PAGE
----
The Boston Celtics had the tools to beat the Golden State Warriors in the 2022 NBA Finals, but inexperience cost them. Despite being among the best defensive teams in the league, youth was ultimately their demise as that lack of experience led to countless errors in the biggest games of their careers. If the Celtics can just improve what’s already there, they could be right back in the Finals.

Heading into the NBA Finals, no player on the Celtics’ roster had experience at that level. The Warriors’ roster, on the other hand, played a combined 123 Finals games and won three championships together. Analytics favored the Celtics — and a simulator even gave them an 80% chance to win — but it was always going to be an uphill battle against the NBA’s latest dynasty.

The agony of a championship loss, however, should be a valuable teacher for Jayson Tatum, Jaylen Brown and Boston.

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How The Celtics Can Win The 2023 NBA Finals

Limit Turnovers

In the Finals, the Celtics coughed up the ball 97 times in six games. Against one of the best teams in decades, that simply can’t happen.

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Boston had ugly stretches of basketball in the last two rounds of the playoffs, leading to game-changing runs by both the Warriors and Miami Heat. As is often the case across all sports, the Celtics had much more success when they took care of the ball on offense. In losses, it seemed more like the team beat itself as opposed to the other team being better.

That issue was most apparent with Tatum. Their young star set an NBA record with a whopping 100 turnovers through all four rounds of the playoffs.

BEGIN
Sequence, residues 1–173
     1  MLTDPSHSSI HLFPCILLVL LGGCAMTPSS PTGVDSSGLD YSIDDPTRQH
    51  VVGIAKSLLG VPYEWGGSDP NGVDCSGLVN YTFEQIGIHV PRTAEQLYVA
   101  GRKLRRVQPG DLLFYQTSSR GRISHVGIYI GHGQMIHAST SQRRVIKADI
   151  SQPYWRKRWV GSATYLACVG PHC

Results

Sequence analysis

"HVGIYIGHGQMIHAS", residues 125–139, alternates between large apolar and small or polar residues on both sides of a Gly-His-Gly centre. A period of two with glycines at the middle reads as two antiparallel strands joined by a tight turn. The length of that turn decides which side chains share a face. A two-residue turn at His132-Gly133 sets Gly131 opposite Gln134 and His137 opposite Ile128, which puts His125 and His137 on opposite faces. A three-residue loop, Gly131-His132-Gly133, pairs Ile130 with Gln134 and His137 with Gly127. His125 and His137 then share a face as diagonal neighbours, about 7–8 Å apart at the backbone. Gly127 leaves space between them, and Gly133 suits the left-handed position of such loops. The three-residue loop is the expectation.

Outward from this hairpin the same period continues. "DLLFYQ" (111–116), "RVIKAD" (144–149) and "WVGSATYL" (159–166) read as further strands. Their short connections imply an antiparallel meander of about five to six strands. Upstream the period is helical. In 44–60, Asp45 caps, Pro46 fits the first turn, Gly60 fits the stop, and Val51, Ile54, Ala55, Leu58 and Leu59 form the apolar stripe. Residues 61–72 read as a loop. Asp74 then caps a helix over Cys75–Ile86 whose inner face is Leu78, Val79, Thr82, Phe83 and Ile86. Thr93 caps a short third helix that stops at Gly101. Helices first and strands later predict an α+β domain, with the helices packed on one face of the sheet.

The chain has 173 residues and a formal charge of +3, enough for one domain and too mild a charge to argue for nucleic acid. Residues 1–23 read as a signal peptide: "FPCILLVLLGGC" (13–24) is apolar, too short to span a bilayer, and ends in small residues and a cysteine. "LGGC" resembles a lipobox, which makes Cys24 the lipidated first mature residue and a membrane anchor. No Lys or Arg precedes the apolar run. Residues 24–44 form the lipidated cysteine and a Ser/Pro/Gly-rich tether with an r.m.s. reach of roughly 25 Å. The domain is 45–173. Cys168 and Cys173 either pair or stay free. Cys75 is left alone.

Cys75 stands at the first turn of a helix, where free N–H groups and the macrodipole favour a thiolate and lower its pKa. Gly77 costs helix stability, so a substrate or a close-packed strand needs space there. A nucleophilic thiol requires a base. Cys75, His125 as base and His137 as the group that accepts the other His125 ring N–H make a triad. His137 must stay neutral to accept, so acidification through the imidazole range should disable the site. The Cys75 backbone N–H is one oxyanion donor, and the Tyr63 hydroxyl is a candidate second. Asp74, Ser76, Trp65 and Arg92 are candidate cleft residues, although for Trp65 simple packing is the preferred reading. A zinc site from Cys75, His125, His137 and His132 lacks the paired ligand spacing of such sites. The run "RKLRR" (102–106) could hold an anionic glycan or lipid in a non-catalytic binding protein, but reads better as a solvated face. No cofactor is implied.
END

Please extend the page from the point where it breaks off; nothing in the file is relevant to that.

After Boston took a surprising 2-1 lead in the Finals, Tatum was responsible for 15 turnovers over the next three games, all Golden State victories. Coupled with his uncharacteristically poor shooting numbers, it was a recipe for disaster. In fact, it can be argued the previous round wouldn’t have gone to seven games if Tatum just did what was expected of him. At least two of the team’s three losses to the Heat can be attributed to Tatum’s carelessness with the ball.

The Growth of Jayson Tatum

As previously mentioned, Tatum’s ball security was historically bad in the playoffs. If he were at least still lighting up the scoreboard and the Celtics won a championship, that might be forgiven. Unfortunately, Tatum looked more like a shell of himself for most of the playoffs. After he dominated the Brooklyn Nets in the first round, fans and members of the media were quick to declare Tatum had risen to the upper echelon of the league. Since then, he’s shown there’s still work to be done.

While Tatum did shoot a remarkable 45.5% from three-point range in the Finals, he shot just 36.7% from the field overall and 65.5% from the free throw line. In his career so far, those numbers are 45.6% and 84.4%, respectively. For someone who wants to one day be recognized as one of the league’s best players, a dip in performance like that when the lights are brightest is unacceptable. Tatum knows that, and will likely go into the 2022 season an improved player.

With the addition of veteran point guard Malcolm Brogdon, the Celtics have shown that they’re trying to remedy their shortcomings. It’s now up to Tatum to take that next step and become a true superstar.